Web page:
History, Legacy & Showmanship
Thursday, 24 October 2019 14:22

Witness If You Will... A Retrospective: Remembering “The Twilight Zone” on its 60th Anniversary

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The Twilight Zone was an enormously creative television series anchored by one of the true giants of the medium, Mr. Rod Serling, a master storyteller who was given unprecedented control over his work. In terms of quality, no show touches it in consistent quality.” — Steven Jay Rubin, author of The Twilight Zone Encyclopedia

The Digital Bits and History, Legacy & Showmanship are pleased to present this retrospective commemorating the 60th anniversary of The Twilight Zone, Rod Serling’s classic anthology series which originally ran on CBS from 1959 to 1964.

The Twilight Zone premiered sixty years ago this month and for the occasion The Bits features a Q&A with a quartet of Rod Serling authorities and classic television historians who reflect on the timeless series (and its offspring) six decades after its debut. [Read on here...]

The participants are (in alphabetical order)…

Nicholas Parisi is the author of Rod Serling: His Life, Work, and Imagination (University Press of Mississippi, 2018) and serves on the Board of Directors of the Rod Serling Memorial Foundation (www.rodserling.com).

Nicholas Parisi

Herbie J Pilato is the host of Then Again with Herbie J Pilato, the new hit classic TV talk show now streaming on Amazon Prime. Herbie J is the author of several classic TV tie-in books including Mary: The Mary Tyler Moore Story (Jacobs Brown Press, 2019), Dashing, Daring and Debonair: TV’s Top Male Icons from the ’50s, ’60s and ’70s (Taylor Trade Publishing, 2016), Glamour, Gidgets and the Girl Next Door: Television’s Iconic Women from the ’50s, ’60s and ’70s (Taylor Trade Publishing, 2014), Twitch Upon a Star: The Bewitched Life and Career of Elizabeth Montgomery (Taylor Trade Publishing, 2012) and The Bionic Book: The Six Million Dollar Man & the Bionic Woman Reconstructed (Bear Manor Media, 2007). Pilato presides over his own production company, Television, Ink, which produces family-oriented TV shows and was a consulting producer on the DVD season sets of Bewitched, CHiPs, Kung Fu and The Six Million Dollar Man. For more details, or to order personally-signed copies of any of Herbie J’s books, visit www.HerbieJPilato.com, or email HJPilato @yahoo.com.

Herbie J Pilato

Steven Jay Rubin is the author of The Twilight Zone Encyclopedia (Chicago Review, 2017). His other books include The James Bond Films: A Behind-the-Scenes History (Random House, 1981), The Complete James Bond Movie Encyclopedia (McGraw-Hill, 2002), Combat Films: American Realism, 1945-2010 (McFarland, 2011) and (with David Lee Miller and illustrations by Elizabeth Baddeley) The Cat Who Lived with Anne Frank (Philomel, 2019). Rubin has also written for Cinefantastique, Cinema Retro and Los Angeles Times.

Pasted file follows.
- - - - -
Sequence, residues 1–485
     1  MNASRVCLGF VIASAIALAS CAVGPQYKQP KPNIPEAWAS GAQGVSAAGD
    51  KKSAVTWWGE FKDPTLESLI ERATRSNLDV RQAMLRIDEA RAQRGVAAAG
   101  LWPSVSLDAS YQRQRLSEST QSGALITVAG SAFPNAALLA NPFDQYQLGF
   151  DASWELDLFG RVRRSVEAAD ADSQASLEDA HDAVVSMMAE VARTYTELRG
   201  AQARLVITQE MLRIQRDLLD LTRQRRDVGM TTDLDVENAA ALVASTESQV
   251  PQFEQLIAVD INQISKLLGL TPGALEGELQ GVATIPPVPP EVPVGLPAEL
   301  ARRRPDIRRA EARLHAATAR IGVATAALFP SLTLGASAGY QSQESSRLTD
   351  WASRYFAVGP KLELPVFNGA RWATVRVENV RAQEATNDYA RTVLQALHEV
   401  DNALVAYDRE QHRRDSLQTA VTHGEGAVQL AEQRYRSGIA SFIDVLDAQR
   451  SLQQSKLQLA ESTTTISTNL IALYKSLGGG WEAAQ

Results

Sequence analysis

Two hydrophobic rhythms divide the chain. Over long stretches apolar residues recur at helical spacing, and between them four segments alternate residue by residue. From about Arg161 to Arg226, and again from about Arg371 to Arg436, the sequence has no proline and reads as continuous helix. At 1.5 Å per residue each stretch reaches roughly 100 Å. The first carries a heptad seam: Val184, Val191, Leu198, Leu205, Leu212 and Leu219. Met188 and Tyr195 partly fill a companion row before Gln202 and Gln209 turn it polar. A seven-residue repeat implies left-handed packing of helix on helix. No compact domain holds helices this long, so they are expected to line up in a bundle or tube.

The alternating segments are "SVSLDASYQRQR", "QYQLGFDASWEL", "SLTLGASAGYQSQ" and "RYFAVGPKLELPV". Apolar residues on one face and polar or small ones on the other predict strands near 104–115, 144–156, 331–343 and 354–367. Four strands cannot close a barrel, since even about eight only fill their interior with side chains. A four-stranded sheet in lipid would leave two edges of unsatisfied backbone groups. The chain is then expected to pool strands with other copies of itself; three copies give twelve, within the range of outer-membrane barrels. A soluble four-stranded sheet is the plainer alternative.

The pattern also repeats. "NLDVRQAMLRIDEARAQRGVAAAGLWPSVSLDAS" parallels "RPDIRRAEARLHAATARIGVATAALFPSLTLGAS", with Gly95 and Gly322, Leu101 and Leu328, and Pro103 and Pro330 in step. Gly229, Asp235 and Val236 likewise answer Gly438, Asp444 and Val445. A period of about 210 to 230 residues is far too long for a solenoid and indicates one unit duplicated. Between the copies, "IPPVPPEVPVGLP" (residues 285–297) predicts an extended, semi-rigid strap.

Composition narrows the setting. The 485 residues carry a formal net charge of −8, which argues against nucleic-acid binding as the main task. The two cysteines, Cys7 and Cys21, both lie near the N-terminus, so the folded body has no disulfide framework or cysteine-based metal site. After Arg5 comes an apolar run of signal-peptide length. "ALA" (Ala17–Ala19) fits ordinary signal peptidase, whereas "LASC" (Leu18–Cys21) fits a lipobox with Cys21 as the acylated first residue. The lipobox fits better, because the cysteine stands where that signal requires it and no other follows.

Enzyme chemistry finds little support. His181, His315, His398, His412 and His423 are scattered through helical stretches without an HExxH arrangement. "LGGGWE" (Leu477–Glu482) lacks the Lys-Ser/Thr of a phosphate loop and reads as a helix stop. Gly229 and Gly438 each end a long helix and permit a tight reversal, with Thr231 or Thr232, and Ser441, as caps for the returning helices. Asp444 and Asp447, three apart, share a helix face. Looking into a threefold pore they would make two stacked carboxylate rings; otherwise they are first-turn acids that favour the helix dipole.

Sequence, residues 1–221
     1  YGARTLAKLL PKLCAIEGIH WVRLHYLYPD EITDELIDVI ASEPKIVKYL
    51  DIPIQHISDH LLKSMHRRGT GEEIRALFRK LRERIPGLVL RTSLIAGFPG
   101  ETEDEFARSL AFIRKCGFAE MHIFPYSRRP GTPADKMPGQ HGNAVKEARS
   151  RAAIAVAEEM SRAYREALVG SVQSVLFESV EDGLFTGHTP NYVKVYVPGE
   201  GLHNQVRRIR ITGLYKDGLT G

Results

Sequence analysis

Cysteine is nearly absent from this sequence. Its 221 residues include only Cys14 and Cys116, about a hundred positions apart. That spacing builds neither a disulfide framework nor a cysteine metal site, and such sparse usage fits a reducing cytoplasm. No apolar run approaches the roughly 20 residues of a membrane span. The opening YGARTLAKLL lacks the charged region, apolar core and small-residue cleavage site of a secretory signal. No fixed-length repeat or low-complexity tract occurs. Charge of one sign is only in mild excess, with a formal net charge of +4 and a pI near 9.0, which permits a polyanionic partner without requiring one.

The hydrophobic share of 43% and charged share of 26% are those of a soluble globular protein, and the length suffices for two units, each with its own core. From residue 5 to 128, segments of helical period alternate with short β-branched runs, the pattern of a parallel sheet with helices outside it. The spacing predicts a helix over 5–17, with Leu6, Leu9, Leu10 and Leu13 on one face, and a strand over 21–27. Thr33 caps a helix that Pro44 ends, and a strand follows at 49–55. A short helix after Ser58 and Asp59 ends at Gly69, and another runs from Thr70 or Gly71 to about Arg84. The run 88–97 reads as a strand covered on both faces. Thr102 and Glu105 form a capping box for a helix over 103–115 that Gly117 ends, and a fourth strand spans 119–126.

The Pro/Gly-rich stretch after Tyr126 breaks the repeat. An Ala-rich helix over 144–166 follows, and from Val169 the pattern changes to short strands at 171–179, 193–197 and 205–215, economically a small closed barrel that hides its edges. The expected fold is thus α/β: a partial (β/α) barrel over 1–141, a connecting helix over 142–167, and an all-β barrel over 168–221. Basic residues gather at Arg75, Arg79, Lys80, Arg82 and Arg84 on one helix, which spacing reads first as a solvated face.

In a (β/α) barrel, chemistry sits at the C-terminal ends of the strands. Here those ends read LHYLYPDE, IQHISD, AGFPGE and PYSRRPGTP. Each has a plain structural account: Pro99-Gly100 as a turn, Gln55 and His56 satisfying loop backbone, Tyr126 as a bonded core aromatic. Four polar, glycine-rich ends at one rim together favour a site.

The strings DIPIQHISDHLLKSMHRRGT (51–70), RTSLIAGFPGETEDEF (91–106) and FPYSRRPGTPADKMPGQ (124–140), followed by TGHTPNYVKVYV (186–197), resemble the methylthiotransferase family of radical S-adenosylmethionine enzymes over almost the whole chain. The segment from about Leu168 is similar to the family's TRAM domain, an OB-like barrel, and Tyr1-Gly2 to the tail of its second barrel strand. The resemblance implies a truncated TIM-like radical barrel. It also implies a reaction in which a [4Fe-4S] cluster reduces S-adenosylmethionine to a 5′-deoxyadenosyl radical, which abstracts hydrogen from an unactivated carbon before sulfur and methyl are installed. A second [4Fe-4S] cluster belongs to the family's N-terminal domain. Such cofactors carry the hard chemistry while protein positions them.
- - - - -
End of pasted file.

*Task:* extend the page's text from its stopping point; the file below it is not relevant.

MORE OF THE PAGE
Steven Jay Rubin

Marc Scott Zicree is the author of The Twilight Zone Companion (Bantam, 1982; Silman-James, 2018 revised and expanded edition) and audio commentary contributor and producer of The Twilight Zone Complete Series Blu-ray set. Zicree is the co-author of the Magic Time book series and has written numerous episodes of television series, including Babylon 5, The Real Ghostbusters, Sliders, The Smurfs, Star Trek; Deep Space Nine and Star Trek: The Next Generation. He is currently shooting Space Command with Bill Mumy and Doug Jones and which can be seen on his Mr. Sci-Fi YouTube channel.

Marc Scott Zicree

The interviews were conducted separately and have been edited into a “roundtable” conversation format.

Michael Coate (The Digital Bits): How do you think The Twilight Zone should be remembered on its 60th anniversary?

Nicholas Parisi: Sixty years after it debuted, Rod Serling’s The Twilight Zone is and should be remembered as one of the most influential series in television history. Every “showrunner” who came afterward, and certainly every science fiction or fantasy series that came afterward, owes a huge debt to Rod Serling for the doors he broke down with the series, and for the way he ensured that science fiction and fantasy could be produced at a very high level of quality on television. Prior to The Twilight Zone, science fiction and fantasy were viewed solely as an arena for children. Rod Serling proved that science fiction and fantasy could be legitimate areas for adult drama.

Herbie J Pilato: The Twilight Zone should be remembered on its 60th anniversary the way it should be remembered every day in the history of television, the entertainment industry, and the world: as a remarkable example of genius storytelling that just so happens to fall into the particular genre or realm (no Zone pun intended) of sci-fi/fantasy.